Hebron News

Students Share Viewpoints on National Walkout

At Mt. Hebron High School, students gathered to hear speakers talk about gun control and safety in schools. One month after the tragic shooting at Marjory Stoneman Douglas High School in Parkland, Florida, students across the nation took action against gun violence and walked out of their schools at 10:00 A.M. on March 14. The protests lasted 17 minutes, each minute representing one of the lives lost in the shooting.

The National Student Walkout was a unifying gesture to honor those who died from the recent school shooting in Florida as well as other school shootings from the past.  The Mountain staff spoke to students and staff members who participated in the walkout.  Their responses are compiled below.

Why are you participating in this walkout?

“I believe that students should be able to go to school without having to worry about being shot at or dying.” — Julia Noppenberger, 10

“I am here today to show that we feel sorry for the kids in Florida and how gun control and background checks should be increased. I believe the walkout should have been in the front of the school instead of the back of the school to show the outside world that the students agree with it.” — Omar Kmir, 10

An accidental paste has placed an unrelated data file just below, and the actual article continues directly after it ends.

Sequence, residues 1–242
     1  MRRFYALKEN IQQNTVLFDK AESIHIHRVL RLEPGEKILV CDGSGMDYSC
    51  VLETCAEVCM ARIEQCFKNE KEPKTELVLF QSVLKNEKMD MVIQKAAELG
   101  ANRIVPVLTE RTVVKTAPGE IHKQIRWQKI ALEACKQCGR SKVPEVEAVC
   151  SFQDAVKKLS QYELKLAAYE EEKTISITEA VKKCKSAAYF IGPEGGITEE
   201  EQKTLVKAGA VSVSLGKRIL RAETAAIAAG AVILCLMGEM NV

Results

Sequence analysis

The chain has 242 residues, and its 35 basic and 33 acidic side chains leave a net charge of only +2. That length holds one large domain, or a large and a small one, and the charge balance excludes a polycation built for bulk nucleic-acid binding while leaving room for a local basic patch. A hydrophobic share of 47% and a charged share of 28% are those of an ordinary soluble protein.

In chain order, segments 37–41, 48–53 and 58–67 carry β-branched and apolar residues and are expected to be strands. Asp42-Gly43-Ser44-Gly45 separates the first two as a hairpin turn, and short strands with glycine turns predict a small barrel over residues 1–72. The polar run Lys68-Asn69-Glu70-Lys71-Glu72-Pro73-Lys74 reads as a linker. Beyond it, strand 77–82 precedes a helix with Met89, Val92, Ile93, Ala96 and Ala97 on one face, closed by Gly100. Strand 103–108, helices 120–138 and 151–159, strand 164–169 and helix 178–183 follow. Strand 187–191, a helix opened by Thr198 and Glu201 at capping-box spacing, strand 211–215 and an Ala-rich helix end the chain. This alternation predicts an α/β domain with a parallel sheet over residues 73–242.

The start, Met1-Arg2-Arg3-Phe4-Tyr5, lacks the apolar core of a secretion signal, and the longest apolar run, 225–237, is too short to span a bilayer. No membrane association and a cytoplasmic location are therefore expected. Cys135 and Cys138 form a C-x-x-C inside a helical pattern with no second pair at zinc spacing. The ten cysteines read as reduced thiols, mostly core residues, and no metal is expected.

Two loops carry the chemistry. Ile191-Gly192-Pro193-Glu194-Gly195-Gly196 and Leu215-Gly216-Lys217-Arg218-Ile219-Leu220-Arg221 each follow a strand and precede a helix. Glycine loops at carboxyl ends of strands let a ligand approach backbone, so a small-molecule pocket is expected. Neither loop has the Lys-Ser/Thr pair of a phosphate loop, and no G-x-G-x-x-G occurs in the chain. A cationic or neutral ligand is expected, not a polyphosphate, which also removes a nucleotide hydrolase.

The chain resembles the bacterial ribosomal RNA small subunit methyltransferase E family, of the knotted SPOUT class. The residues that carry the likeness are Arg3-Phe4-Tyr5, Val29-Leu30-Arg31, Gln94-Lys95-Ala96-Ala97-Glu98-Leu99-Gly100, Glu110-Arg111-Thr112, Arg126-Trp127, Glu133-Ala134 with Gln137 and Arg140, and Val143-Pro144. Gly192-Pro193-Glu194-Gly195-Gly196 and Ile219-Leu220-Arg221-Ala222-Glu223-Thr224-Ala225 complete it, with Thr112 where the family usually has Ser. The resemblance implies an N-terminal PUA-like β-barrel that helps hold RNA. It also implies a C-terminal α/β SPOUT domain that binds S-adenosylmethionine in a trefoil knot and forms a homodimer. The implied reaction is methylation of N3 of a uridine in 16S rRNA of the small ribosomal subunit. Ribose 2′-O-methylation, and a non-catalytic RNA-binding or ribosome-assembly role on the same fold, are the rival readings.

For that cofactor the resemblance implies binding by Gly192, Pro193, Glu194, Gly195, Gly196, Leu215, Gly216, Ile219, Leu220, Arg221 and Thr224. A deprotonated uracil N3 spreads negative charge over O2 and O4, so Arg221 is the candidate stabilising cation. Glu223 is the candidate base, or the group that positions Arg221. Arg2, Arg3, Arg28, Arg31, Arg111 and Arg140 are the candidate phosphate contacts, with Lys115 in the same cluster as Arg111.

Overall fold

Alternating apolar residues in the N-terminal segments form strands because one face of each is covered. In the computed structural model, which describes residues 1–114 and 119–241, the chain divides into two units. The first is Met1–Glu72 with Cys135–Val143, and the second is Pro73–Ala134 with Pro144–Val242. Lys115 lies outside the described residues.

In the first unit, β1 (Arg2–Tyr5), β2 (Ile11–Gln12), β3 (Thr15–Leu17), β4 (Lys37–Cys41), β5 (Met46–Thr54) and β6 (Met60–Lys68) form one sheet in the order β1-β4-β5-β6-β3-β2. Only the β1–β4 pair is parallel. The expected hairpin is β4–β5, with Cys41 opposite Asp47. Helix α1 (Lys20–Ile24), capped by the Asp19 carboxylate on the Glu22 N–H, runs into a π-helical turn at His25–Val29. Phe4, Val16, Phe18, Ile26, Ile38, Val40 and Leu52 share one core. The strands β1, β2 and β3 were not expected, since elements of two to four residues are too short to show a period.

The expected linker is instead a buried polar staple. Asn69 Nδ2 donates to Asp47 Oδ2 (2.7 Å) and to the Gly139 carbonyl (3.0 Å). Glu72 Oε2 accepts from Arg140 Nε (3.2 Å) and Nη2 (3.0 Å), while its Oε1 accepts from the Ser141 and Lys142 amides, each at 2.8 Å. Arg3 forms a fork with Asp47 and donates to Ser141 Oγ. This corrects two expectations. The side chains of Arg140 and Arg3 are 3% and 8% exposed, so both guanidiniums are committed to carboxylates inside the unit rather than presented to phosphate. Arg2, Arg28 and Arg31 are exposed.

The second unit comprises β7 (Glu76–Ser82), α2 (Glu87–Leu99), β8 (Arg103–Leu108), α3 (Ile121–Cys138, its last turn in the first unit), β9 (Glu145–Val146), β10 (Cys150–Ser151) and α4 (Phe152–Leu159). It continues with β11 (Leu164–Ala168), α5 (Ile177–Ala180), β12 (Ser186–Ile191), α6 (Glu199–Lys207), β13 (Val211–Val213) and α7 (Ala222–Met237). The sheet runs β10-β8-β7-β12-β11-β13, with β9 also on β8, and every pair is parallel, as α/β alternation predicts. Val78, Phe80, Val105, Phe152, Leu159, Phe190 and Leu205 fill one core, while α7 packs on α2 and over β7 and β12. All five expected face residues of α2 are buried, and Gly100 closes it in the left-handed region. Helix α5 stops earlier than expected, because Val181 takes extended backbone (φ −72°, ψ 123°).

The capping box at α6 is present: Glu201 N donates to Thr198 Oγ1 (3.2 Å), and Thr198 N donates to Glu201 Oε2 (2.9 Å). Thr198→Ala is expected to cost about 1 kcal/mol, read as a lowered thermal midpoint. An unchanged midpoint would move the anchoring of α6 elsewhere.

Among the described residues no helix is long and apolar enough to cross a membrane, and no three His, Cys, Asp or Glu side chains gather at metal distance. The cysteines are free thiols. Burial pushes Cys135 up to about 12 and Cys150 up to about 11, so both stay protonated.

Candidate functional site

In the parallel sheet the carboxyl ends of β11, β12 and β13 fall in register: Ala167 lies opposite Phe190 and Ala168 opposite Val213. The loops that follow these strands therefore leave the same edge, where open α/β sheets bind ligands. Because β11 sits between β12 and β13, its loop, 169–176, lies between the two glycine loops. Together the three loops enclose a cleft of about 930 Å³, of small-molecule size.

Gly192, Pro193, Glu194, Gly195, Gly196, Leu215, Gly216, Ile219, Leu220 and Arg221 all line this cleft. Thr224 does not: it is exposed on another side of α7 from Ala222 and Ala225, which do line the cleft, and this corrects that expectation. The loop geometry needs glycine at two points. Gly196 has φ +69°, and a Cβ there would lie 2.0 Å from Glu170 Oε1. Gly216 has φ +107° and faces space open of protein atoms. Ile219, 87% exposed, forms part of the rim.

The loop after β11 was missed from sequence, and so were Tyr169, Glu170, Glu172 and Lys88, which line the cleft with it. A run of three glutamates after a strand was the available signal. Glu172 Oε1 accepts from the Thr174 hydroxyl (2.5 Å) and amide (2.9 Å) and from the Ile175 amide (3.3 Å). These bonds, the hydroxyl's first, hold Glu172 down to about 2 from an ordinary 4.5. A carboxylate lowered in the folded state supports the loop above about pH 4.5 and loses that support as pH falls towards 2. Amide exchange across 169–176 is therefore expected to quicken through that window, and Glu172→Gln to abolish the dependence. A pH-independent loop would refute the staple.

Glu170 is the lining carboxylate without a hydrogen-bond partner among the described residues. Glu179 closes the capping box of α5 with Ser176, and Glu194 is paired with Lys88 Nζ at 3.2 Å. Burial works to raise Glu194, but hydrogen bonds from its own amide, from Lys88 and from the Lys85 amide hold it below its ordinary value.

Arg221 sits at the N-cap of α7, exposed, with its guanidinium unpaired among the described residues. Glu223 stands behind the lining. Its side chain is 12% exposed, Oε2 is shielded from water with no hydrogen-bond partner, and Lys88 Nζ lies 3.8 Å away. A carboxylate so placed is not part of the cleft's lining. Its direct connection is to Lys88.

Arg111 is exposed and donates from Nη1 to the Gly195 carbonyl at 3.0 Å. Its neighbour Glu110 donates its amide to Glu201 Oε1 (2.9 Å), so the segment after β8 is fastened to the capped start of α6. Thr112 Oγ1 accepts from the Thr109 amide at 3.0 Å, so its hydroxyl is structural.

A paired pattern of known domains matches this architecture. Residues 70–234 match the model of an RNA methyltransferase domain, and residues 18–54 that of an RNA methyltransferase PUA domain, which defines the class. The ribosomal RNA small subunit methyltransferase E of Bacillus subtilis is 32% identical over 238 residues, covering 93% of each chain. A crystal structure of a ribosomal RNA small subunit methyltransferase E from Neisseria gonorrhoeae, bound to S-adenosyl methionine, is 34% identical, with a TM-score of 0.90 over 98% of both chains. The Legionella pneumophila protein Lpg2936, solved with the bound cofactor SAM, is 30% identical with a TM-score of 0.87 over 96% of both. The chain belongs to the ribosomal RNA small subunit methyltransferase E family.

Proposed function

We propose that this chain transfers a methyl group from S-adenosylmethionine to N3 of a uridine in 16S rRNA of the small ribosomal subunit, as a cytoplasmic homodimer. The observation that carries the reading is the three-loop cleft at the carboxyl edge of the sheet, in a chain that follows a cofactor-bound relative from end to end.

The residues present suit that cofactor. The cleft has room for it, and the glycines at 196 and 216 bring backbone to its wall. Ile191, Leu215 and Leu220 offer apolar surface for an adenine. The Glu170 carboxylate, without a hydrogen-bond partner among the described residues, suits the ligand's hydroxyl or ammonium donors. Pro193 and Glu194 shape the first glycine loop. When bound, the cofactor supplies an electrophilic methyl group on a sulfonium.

“I think that there needs to be a change in something. I don’t know enough about gun laws to suggest ideas, but I support all of the victims and their families, and I’m there for everyone even if we are in completely different states.” — Alexa Welsh, 12

“I’m participating in this walkout for something as simple as just having safety in school and avoiding violence at all costs. I think just coming out and protesting is the number one thing to do. Teachers talking about it with students and having assemblies, I think, should be the first approach. At this point in 2018, it’s probably the first, because something like having 17 people shot and killed, that should be our number one concern at this point.” — Alex Nazaire, 12

“[The protest shows] our solidarity behind the victims and the survivors. I think it’s really important that we as students come together this way.” — Veronica Kim, 10

How do you feel about some of the measures, including arming school staff members, that lawmakers have proposed to keep students safe?

“I think arming staff members is the worst idea ever. I think more guns in a school environment is an issue. I’ve never had a teacher that I trust to use a weapon.” — Mason Gainer, 12

“I think [teachers] should teach us more about ways to keep us safe and to have teachers do more instruction on school safety.” — Haley Miller, 9